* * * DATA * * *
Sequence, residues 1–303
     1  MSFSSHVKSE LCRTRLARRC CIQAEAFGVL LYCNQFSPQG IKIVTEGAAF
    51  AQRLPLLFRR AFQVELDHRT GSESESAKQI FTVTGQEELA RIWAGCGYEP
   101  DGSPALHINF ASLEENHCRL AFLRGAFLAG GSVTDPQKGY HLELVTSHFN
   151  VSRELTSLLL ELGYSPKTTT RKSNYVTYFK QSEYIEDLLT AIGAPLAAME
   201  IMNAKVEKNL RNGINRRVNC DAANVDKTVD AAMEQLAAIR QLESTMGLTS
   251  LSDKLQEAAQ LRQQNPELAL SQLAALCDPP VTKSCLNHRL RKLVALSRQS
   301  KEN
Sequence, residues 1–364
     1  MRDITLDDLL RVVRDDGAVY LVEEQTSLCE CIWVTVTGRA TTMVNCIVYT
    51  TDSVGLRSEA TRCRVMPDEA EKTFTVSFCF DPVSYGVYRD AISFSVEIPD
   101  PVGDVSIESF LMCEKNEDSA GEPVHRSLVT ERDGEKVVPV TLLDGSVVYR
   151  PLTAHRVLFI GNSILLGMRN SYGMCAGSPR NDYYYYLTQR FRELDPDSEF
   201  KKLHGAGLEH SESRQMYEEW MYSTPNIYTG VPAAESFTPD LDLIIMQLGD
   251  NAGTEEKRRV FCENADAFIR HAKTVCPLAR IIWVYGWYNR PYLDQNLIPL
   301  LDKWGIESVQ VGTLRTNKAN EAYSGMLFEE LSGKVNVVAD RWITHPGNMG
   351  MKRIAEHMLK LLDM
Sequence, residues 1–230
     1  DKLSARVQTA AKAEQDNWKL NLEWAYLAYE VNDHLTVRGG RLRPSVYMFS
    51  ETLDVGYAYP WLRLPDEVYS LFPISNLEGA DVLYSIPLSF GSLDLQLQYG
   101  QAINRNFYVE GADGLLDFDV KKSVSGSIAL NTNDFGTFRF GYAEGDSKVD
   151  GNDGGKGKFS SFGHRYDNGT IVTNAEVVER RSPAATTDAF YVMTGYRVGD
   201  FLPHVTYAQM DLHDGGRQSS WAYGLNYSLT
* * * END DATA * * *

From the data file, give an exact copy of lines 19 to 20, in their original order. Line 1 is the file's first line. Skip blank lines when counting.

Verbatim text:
     1  DKLSARVQTA AKAEQDNWKL NLEWAYLAYE VNDHLTVRGG RLRPSVYMFS
    51  ETLDVGYAYP WLRLPDEVYS LFPISNLEGA DVLYSIPLSF GSLDLQLQYG